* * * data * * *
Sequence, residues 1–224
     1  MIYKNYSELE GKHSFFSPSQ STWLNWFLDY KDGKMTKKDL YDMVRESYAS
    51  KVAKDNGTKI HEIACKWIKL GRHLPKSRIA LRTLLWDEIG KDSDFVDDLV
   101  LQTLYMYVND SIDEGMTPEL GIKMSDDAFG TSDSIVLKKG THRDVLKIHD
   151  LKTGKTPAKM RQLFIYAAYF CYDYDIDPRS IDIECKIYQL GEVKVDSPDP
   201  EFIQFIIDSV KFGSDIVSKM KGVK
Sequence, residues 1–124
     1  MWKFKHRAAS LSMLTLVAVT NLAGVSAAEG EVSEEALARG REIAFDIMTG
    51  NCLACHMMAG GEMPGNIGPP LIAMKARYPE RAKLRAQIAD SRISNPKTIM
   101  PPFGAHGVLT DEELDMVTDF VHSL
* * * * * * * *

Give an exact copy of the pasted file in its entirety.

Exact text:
Sequence, residues 1–224
     1  MIYKNYSELE GKHSFFSPSQ STWLNWFLDY KDGKMTKKDL YDMVRESYAS
    51  KVAKDNGTKI HEIACKWIKL GRHLPKSRIA LRTLLWDEIG KDSDFVDDLV
   101  LQTLYMYVND SIDEGMTPEL GIKMSDDAFG TSDSIVLKKG THRDVLKIHD
   151  LKTGKTPAKM RQLFIYAAYF CYDYDIDPRS IDIECKIYQL GEVKVDSPDP
   201  EFIQFIIDSV KFGSDIVSKM KGVK
Sequence, residues 1–124
     1  MWKFKHRAAS LSMLTLVAVT NLAGVSAAEG EVSEEALARG REIAFDIMTG
    51  NCLACHMMAG GEMPGNIGPP LIAMKARYPE RAKLRAQIAD SRISNPKTIM
   101  PPFGAHGVLT DEELDMVTDF VHSL